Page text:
Michael Pollan (born February 6, 1955) is an American professor of journalism at the University of California, Berkeley, where he is also director of the Knight Program in Science and Environmental Journalism.
Michael Pollan is the author, most recently, of In Defense of Food: An Eater's Manifesto. His previous book, The Omnivore’s Dilemma: A Natural History of Four Meals(2006), was named one of the ten best books of 2006 by the New York Times and the Washington Post. It also won the California Book Award, the Northern California Book Award, the James Beard Award for best food writing, and was a finalist for the National Book Critics Circle Award.
He is also the author of The Botany of Desire: A Plant’s-Eye View of the World(2001); A Place of My Own(1997); and Second Nature(1991). A contributing writer to the New York Times Magazine, Pollan is the recipient of numerous journalistic awards, including the James Beard Award for best magazine series in 2003 and the Reuters-I.U.C.N. 2000 Global Award for Environmental Journalism. Pollan served for many years as executive editor of Harper’s Magazine and is now the Knight Professor of Science and Environmental Journalism at UC Berkeley. His articles have been anthologized in Best American Science Writing (2004); Best American Essays (1990 and 2003) and the Norton Book of Nature Writing.
- Second Nature: A Gardener's Education(1991)
- Place of My Own: The Education of an Amateur Builder (1997)
- The Botany of Desire: A Plant's-Eye View of the World (2001)
- The Omnivore's Dilemma: A Natural History of Four Meals (2006)
- In Defense of Food: An Eater's Manifesto (2008)
- Our Decrepit Food Factories (2008) [New York Times Magazine]
- You Are What You Grow (2007) [| New York Times Magazine]
- Six rules for eating wisely (2006) | New York Times Magazine]
The Omnivore’s Dilemma: A Natural History of Four Meals(2006) What should we have for dinner? The question has confronted us since man discovered fire, but according to Michael Pollan, how we answer it today, at the dawn of the twenty-first century, may well determine our very survival as a species. Should we eat a fast-food hamburger? Something organic? Or perhaps something we hunt, gather, or grow ourselves? The omnivore’s dilemma has returned with a vengeance, as the cornucopia of the modern American supermarket and fast-food outlet confronts us with a bewildering and treacherous food landscape. What’s at stake in our eating choices is not only our own and our children’s health, but the health of the environment that sustains life on earth.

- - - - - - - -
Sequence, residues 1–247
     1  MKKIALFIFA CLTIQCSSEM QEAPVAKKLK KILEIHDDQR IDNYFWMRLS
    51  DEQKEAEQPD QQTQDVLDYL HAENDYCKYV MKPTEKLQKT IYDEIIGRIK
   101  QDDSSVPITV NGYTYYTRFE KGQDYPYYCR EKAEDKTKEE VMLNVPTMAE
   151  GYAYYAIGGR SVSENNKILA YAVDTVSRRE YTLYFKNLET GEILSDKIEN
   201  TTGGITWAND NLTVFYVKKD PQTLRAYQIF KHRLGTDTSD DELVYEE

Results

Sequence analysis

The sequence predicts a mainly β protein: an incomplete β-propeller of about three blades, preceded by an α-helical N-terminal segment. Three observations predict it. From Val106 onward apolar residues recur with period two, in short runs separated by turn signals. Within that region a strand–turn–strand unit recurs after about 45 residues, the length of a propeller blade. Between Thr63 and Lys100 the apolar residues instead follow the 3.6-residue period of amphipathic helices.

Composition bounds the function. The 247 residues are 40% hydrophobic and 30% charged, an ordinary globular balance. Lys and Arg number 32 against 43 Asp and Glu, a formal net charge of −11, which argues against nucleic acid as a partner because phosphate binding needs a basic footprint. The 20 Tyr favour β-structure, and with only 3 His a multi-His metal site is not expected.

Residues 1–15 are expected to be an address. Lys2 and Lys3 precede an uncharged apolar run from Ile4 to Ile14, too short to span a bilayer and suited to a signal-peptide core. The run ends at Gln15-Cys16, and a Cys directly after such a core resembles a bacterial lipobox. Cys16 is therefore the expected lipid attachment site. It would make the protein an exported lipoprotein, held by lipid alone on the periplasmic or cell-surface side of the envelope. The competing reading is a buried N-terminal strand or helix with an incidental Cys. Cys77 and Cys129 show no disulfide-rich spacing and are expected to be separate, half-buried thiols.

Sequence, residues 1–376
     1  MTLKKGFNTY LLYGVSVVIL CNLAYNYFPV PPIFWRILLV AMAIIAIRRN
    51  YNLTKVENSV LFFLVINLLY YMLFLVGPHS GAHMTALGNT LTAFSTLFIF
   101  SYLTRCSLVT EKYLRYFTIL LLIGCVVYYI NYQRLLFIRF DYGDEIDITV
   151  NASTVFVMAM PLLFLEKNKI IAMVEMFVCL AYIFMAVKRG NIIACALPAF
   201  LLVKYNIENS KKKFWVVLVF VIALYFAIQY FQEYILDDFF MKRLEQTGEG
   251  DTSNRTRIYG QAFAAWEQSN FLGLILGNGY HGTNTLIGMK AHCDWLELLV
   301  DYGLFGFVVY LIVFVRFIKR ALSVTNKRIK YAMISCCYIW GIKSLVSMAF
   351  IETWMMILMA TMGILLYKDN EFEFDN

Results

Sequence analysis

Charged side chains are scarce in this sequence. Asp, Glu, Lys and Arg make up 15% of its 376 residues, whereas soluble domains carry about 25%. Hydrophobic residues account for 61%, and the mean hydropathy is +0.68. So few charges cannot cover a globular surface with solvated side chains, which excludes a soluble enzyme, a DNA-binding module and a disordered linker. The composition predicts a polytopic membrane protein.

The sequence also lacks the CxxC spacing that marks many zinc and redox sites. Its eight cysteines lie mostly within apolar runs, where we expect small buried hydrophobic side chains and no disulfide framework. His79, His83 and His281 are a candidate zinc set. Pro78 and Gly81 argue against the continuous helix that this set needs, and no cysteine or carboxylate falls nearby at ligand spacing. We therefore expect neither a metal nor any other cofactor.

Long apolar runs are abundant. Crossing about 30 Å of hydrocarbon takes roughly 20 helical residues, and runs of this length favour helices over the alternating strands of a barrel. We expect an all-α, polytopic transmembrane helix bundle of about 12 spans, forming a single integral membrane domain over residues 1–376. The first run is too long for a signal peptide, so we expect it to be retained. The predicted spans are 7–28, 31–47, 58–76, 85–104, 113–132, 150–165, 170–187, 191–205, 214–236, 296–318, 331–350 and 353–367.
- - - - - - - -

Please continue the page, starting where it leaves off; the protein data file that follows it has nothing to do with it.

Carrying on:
Pollan follows each of the food chains that sustain us—industrial food, organic or alternative food, and food we forage ourselves—from the source to a final meal, and in the process develops a definitive account of the American way of eating. His absorbing narrative takes us from Iowa cornfields to food-science laboratories, from feedlots and fast-food restaurants to organic farms and hunting grounds, always emphasizing our dynamic coevolutionary relationship with the handful of plant and animal species we depend on. Each time Pollan sits down to a meal, he deploys his unique blend of personal and investigative journalism to trace the origins of everything consumed, revealing what we unwittingly ingest and explaining how our taste for particular foods and flavors reflects our evolutionary inheritance.